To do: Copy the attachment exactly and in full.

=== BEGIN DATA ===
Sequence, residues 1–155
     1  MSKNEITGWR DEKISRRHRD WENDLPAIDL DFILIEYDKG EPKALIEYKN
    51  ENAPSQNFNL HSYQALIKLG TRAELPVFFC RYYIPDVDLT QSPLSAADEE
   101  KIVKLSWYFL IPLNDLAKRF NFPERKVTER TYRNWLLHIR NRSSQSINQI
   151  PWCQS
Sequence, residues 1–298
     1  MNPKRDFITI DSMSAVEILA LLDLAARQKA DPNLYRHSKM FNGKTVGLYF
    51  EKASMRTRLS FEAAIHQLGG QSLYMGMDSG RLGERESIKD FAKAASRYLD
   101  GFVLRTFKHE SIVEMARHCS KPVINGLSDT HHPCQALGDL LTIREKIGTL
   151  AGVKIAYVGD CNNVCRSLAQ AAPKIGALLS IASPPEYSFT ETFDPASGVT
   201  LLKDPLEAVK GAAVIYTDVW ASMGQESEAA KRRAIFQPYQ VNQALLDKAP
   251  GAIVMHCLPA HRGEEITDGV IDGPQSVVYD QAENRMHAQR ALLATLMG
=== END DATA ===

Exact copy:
Sequence, residues 1–155
     1  MSKNEITGWR DEKISRRHRD WENDLPAIDL DFILIEYDKG EPKALIEYKN
    51  ENAPSQNFNL HSYQALIKLG TRAELPVFFC RYYIPDVDLT QSPLSAADEE
   101  KIVKLSWYFL IPLNDLAKRF NFPERKVTER TYRNWLLHIR NRSSQSINQI
   151  PWCQS
Sequence, residues 1–298
     1  MNPKRDFITI DSMSAVEILA LLDLAARQKA DPNLYRHSKM FNGKTVGLYF
    51  EKASMRTRLS FEAAIHQLGG QSLYMGMDSG RLGERESIKD FAKAASRYLD
   101  GFVLRTFKHE SIVEMARHCS KPVINGLSDT HHPCQALGDL LTIREKIGTL
   151  AGVKIAYVGD CNNVCRSLAQ AAPKIGALLS IASPPEYSFT ETFDPASGVT
   201  LLKDPLEAVK GAAVIYTDVW ASMGQESEAA KRRAIFQPYQ VNQALLDKAP
   251  GAIVMHCLPA HRGEEITDGV IDGPQSVVYD QAENRMHAQR ALLATLMG